And yes, preposterous as it might seem: “They miss visual cues critical to safety and navigation. They tend to miss exits, go through red lights and stop signs, and miss important navigational signage.”
How many of us have missed a turn or a road sign simply because we were daydreaming; thinking about the office; thinking about what we were going to do when we got home?
And those missed turns and road signs were obviously just the tip of the iceberg of other roadway information that we failed to process. We have been lucky not to have killed someone!
I used to have “close calls” from time to time, just like everyone else. You know, those moments when the hair at the back of your neck bristles with the realization of how close you came to causing a crash?
I’ve learned that the only way to avoid those close calls is to pay direct, constant attention to the road ahead.
Ridiculously common sense? Perhaps, but it doesn’t come naturally.
It is more natural for our minds to wander. The act of driving is just so incredibly easy. It takes such a small portion of our active consciousness to keep a vehicle between the lines. So, of course, our minds go to other things.
That’s the road safety “elephant in the room.”
It’s what happened to Mr. Sidhu and Mr. Lavoie. And it causes the majority of crashes on the road today.
Come up with a way to keep our minds focused on the task at hand and most of the carnage would stop.
What about an eye movement monitor that would chirp if it detects a day dreamy, uninterrupted gaze? Perhaps a device requiring a reset by the driver periodically to avoid an alarm from sounding? I don’t know.
If technology isn’t the answer, then what about public awareness campaigns. Not the ones warning against momentarily glancing away from the roadway. That sidesteps the elephant. The root of our road safety disaster is “brain off the road,” not “eyes off the road.”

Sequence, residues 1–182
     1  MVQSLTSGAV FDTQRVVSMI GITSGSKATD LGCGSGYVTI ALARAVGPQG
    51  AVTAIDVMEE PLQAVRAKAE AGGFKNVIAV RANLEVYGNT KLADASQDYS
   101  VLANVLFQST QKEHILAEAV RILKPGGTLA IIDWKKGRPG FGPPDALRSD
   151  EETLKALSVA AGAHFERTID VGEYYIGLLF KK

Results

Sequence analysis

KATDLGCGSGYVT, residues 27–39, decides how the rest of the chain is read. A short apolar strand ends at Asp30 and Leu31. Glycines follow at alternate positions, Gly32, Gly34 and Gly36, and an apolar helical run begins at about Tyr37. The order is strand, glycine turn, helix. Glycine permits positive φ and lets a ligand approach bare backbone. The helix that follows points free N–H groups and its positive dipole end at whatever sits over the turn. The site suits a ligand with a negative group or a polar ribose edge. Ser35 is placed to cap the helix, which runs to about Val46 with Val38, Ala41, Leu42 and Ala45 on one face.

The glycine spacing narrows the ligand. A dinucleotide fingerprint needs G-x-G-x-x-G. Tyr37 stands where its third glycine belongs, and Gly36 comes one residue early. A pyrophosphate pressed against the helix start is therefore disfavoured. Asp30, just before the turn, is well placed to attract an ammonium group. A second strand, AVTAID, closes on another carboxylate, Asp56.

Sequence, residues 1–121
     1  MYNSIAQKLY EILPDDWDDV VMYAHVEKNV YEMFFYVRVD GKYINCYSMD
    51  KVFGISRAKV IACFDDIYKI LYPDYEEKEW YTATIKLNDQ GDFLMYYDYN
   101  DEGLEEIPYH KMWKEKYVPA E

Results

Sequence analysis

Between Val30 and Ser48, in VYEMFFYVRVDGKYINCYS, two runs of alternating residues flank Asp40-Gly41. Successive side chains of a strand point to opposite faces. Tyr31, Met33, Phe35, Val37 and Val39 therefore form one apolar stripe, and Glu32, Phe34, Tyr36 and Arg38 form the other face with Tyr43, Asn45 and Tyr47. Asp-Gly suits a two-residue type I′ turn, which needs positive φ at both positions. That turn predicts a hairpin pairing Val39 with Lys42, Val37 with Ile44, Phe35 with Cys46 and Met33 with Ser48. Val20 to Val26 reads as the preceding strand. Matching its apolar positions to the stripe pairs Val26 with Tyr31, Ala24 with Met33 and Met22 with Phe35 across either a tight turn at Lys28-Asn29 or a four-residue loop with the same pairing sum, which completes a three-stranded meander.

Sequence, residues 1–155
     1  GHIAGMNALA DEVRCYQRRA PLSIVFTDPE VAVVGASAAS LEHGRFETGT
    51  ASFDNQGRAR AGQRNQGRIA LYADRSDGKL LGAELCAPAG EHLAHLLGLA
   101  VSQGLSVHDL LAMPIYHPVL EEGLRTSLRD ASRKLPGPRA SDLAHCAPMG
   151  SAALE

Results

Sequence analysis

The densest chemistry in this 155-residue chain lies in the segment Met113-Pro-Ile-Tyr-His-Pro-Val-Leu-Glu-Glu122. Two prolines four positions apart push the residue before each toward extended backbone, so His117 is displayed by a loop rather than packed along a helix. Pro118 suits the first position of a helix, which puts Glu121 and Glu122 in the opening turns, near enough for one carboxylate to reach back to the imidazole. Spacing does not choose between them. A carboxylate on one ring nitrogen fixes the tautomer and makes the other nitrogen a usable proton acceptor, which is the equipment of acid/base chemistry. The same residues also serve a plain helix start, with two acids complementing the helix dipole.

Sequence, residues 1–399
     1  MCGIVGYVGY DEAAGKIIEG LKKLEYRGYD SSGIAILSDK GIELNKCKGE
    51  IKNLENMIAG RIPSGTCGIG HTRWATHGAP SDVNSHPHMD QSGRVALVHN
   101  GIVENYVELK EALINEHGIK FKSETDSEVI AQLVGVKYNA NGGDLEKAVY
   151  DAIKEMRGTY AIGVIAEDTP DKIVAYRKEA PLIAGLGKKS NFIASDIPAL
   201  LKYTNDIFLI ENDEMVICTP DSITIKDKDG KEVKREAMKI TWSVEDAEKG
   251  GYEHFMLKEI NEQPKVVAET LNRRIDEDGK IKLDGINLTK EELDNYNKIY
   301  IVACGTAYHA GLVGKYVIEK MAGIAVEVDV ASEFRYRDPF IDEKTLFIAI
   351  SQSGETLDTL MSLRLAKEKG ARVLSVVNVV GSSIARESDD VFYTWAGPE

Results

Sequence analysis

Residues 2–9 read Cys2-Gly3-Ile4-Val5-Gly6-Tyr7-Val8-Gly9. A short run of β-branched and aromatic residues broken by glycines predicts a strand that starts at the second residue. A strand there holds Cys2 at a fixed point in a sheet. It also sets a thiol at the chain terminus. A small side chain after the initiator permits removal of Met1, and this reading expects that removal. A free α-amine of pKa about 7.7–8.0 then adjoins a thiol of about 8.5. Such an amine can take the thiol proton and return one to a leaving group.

Until we come up with something better, I invite you to try what works for me.
Several years ago I came up with a mechanism to help alert me when my mind wanders. I put my hands on the steering wheel the way we’re “supposed to.” It’s uncomfortable!
I try my best to keep my brain focused on the road, but inevitably my mind wanders from time to time. When that occurs, my hands naturally move to where they are more comfortable.
The movement of my hands triggers my realization that my mind is wandering, snapping me to attention.
My close calls have been virtually eliminated.
Something good could, and should come from these senseless tragedies.
They could lead to the realization that being a safe driver takes more than good intentions and looking out the windshield. It takes effort to keep our brains focused on the task at hand. Without that, our minds will wander. When in autopilot, our eyes see, but our brains fail to process. And crashes continue.